In a world where track time is limited and technology continues to evolve, data is becoming more and more relied upon in Formula One. But how much data does an F1 car generate across a race weekend, and why is it so important?
Mercedes engineers Evan Short (Team Leader Trackside Electronics Systems), Chris Nelson (Trackside Control Systems Engineer), Christine Steven (Lead Electronics Development Engineer) and Daniel Boddy (Trackside and Technical Support Manager) explain this impressive technical area of F1 in more detail…
Where is F1 data generated from?
A variety of sources are used to generate data from our Formula One cars and tools, primarily sensors on the cars themselves. Those can be measuring anything from physical quantities like temperatures and pressures, through to things like system operations such as the gearbox or ERS units.
Those sensors are physically connected either through an analogue system to the Electronic Control Unit (ECU) which runs the entire car, or through a series of CAN buses around the car that bring information back to the central unit. CAN stands for Controller Area Network and is an automotive standard for network buses which connect multiple devices. There are 17 separate CAN buses on a car in its typical configuration, each communicating with many different devices. For example a pressure sensor might broadcast information on the bus and any interested ECUs could listen in and use the information.
During a race weekend, there can be over 250 sensors on the car. Teams divide these into three categories: control, instrumentation and monitoring. All of them deliver pressure, temperature, inertial and displacement data and are embedded into all systems on the car.
Their size varies depending on their function and type, but most of them are very small and light to not impact the weight and performance of the car. Many are not visible from the outside, although a few are, if you look closely, like the small thermal imaging sensors on the front wings.
How much data do F1 cars generate?
The short answer is, a lot! Across a race weekend, the total amount of data generated per car, including video and ancillary information, is over 1 terabyte and this increases substantially (by two or three times) once teams do the necessary post-processing of some of the data during or after the event.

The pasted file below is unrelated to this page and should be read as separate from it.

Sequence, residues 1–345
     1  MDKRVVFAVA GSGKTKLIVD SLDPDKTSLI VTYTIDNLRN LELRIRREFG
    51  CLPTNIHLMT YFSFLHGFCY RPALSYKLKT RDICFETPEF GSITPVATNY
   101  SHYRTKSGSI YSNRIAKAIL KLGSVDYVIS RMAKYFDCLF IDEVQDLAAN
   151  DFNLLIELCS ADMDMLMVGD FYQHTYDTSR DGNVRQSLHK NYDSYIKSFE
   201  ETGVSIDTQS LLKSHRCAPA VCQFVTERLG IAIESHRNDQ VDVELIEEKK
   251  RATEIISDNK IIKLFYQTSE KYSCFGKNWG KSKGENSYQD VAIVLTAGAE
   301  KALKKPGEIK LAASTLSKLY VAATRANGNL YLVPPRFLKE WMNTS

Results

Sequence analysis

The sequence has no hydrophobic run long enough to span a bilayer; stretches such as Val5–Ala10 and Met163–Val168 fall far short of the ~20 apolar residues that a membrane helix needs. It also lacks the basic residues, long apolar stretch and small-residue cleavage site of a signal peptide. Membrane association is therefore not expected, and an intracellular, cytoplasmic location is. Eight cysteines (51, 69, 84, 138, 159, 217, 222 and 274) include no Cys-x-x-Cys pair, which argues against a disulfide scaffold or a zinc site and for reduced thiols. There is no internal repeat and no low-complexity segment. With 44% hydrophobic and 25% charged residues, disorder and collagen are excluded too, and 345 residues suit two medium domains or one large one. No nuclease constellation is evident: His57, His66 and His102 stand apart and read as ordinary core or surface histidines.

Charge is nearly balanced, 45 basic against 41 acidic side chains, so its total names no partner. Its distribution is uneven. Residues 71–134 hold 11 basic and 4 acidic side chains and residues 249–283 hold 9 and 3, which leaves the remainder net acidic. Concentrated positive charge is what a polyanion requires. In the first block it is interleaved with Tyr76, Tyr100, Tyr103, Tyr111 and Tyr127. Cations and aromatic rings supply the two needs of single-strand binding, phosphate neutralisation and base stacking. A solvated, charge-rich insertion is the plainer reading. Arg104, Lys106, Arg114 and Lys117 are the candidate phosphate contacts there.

If you are talking about the exciting bits of data that are generated live by the car while it’s running, the figure is more like 30 megabytes per lap, but it can be two or three times more once the car returns to the pits and the data is offloaded using the “umbilical” physical connection.
But that’s not all: back at the factory, a huge amount of data is also generated, whether that’s on some of our state-of-the-art tools and equipment such as the dyno, simulator, the wind tunnel. But also smaller areas or individuals post-processing their own information in their specific areas.
Of course, some of the data generated at the track needs to be sent back to the factories and this is no easy job, particularly with the vast amounts of data generated trackside. Live data such as car telemetry is important for the team in the Race Support Room back in Brackley to analyse and review.
At European races, the data can be received within 10 milliseconds, so almost instantaneous. But for flyaways such as Australia (over 10,000 miles away) or Japan (around 6,000 miles away), the data takes around 300 milliseconds to send. Still incredibly quick, but a slight delay compared to races closer to home.
Offloading the car data and larger files takes a long time but it’s a priority for our IT team to get it sent back to the factory as quickly as possible, which is usually expected before the car goes out for its next run. Across a recent race weekend such as Mexico, roughly 11 terabytes of actual data were transferred backwards and forwards between the factories in Brackley and Brixworth, and the trackside team.
What happens to the data once it’s been generated?
Given the lack of testing time in F1, you cannot head back out on track and repeat a test, so the pressure is on to get it right the first time and the same thing applies to the data – we want to get the right data in the limited opportunities we have, so we can extract the most learnings from it.
Once the data is gathered from the car, it’s synchronised so we know what’s happening at the precise time on each of the sensors. It is then encrypted and transmitted back to the garage through our telemetry system – which is a common system used across all teams.
Many people trackside utilise software called ATLAS – from McLaren Applied – to analyse and review data, either live over a race weekend trackside and at the factory, or in retrospect. The drivers are always keen to learn more about their performance, so they will spend time after each session and at the end of each day reviewing data, looking at how they compare to their team-mate, reviewing braking data and corner speeds.
The engineering groups for each driver will also be busy reviewing and delving into the data, to see what nuggets can be found, to make the driver and car even faster for next time. Sometimes the vast amounts of data can be overwhelming, but that’s also an incredible engineering challenge: prioritising the information you need to analyse and reviewing the right data, to learn as quickly as possible.
Video Feature: How Much Data Does an F1 Car Generate?
Information for this article was provided via Mercedes AMG Petronas press release.